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UM Policies & Procedures - HSRO/IRB
1. Preface
2. Background Topics
3. Authorities and Responsibilities
4. Conflict of Interest
5. Institutional Review Boards
6. IRB Meetings
7. General Principles for IRB Reviews
8. Definition of IRB Review Types
9. IRB Review of Initial Studies
10. IRB Review of Continuing Studies
11. Amendments
12. Closing Studies and Final Reports
13. Suspension, Termination and Administrative Closure of IRB Approved Research
14. Unanticipated Problems and Adverse Events
15. Study Violations
16. Compliance Audits
17. Data Safety Monitoring Boards
18. Ancillary Committees
19. External IRB's
20. Policies Specific to Certain Types of Research
21. Informed Consent
22. Participant Recruitment Methods, Advertising Materials and Recruitment-Relevant Payment Arrangements
23. Vulnerable Populations
24. Privacy, Security, Confidentiality and HIPAA
25. Subcontracts/Agreements for UM-Initiated Studies that Engage or Involve non-UM Institutions or Investigators
26. International Research
27. Emergency Use
28. Record Retention
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Basic Folder Information

26.5 Special Considerations for International Research


Approval Date

Review Responsibility:

IRB Policy and Procedure Committee

Current Approval Date:

June 5, 2007



26.5 Special Considerations for International Research

No Written Language:  For studies involving populations that have no written language an English consent form shall be used as a template for translation into the oral language.  A statement translated into the foreign language must be included to explain the process of informed consent.   The consent form should be signed by the interpreter, the Principal Investigator or approved designee, and the by the subject, who should be requested to make a mark or thumb print, as appropriate.

Group Consent:   For studies involving populations that utilize group consent, the IRB may approve this procedure with appropriate description and written justification by the Principal Investigator for the use of group consent.  The Principal Investigator should also provide a method to obtain private or individual subject assent (if possible) and a method for protecting those who choose not to participate in the study.

 “Non-Therapeutic” Research:  (i.e. research without the intent to produce a diagnostic, preventive, or therapeutic benefit to the current subjects, although it may benefit those with a similar condition in the future) -- Whenever possible, provisions should be made for the study population to benefit from the research study.

 “Therapeutic” Research:   The Principal Investigator must explain to the IRB why the study should or should not provide continued access to the experimental intervention (should it prove efficacious) or other research benefits after the completion of the study

Studies Involving Minors (Participants under the age of 18 years):  The University of Miami requirement for assent for minors in research studies are applicable for minors at foreign institutions or sites.  It is usual that written, parental permission is also required.  If local customs and regulations are such that active parental permission would be culturally inappropriate, a waiver of such permission may be granted at the discretion of the UM IRB providing the IRB determines that the research does not place the participant(s) at untoward risk.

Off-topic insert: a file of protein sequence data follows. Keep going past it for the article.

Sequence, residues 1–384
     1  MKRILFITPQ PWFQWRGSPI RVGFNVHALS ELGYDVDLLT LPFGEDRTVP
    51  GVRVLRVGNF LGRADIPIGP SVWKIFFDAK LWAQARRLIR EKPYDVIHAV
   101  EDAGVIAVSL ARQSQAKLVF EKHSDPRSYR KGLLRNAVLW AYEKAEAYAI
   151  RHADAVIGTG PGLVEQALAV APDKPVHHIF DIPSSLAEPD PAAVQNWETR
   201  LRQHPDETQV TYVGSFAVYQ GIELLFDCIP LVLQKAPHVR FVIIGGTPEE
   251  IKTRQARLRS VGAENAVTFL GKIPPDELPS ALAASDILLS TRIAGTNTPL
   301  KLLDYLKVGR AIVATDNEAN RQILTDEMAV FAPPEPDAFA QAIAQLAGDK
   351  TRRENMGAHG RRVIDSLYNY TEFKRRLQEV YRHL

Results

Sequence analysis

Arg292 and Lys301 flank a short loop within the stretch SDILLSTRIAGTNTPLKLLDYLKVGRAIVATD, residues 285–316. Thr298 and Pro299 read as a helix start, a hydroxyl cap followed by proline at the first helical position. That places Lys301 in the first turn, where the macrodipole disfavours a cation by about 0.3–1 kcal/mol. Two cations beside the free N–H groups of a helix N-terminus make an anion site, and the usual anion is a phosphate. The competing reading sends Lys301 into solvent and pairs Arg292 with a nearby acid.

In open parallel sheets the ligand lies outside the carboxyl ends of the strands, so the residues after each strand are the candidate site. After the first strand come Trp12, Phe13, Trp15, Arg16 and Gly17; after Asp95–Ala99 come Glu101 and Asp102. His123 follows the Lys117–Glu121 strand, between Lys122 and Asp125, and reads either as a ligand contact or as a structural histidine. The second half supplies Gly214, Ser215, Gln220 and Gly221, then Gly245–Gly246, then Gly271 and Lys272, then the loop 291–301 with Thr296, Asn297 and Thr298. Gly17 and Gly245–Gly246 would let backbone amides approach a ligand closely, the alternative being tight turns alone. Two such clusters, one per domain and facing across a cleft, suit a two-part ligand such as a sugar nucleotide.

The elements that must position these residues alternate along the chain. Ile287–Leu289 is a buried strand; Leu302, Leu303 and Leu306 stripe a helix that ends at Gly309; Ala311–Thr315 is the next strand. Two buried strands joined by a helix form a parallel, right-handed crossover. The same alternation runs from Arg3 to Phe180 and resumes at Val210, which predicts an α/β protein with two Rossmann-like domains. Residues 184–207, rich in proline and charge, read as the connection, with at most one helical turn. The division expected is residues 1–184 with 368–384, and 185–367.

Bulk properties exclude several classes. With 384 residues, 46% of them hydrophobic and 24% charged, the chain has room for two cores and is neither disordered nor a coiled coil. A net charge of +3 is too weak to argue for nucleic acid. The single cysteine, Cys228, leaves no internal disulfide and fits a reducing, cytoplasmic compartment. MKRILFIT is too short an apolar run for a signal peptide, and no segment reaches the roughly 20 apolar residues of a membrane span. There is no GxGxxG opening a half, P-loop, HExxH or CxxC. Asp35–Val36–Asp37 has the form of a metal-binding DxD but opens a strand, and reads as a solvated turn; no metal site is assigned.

Investigators seeking a waiver of parental permission must supply the IRB with proof that such permission is not culturally appropriate. Examples of such proof would be specific regulations indicating that such permission is not required, an official letter from a ranking official in the foreign country indicating that such permission is not culturally appropriate, or the appearance at a UM IRB meeting by someone of official standing in the research or academic community who can attest to the cultural inappropriateness of the requirement for active parental permission. 

If a waiver of active parental permission is granted, and if a letter informing the parents of the research is deemed appropriate, it must be written at a literacy level that would be understood by the parents and translated (if appropriate) pursuant to UM policies that govern translations of informed consent and other documents.  The letter should be sent to parents by the most expeditious method possible. 

HIPAA and the Collection of Protected Health Information: HIPAA policies do not apply to those international sites not covered by HIPAA although individually identifiable health information may be collected. However, HIPAA requirements do become effective if (or when) data is transferred to a HIPAA covered entity such as a covered component of the University of Miami.  No matter whether HIPAA policies are applicable or not, standard methods of protecting confidentiality and privacy for research in human subjects should apply and investigators should have these in place.

The use and disclosure of data from the University of Miami requires investigators to adhere to the Authorization requirements of HIPAA.  In Studies where identifiable data will be transferred from a site not covered by HIPAA to a HIPAA covered entity, investigators should obtain HIPAA Authorizations to reduce the need to account for subsequent disclosure(s) of the PHI.  Alternatively, investigators may bring data to UM either stripped of all of the 18 HIPAA identifiers with or without a code maintained at the collection site, or as a Limited Data Set with an accompanying Data Use Agreement.



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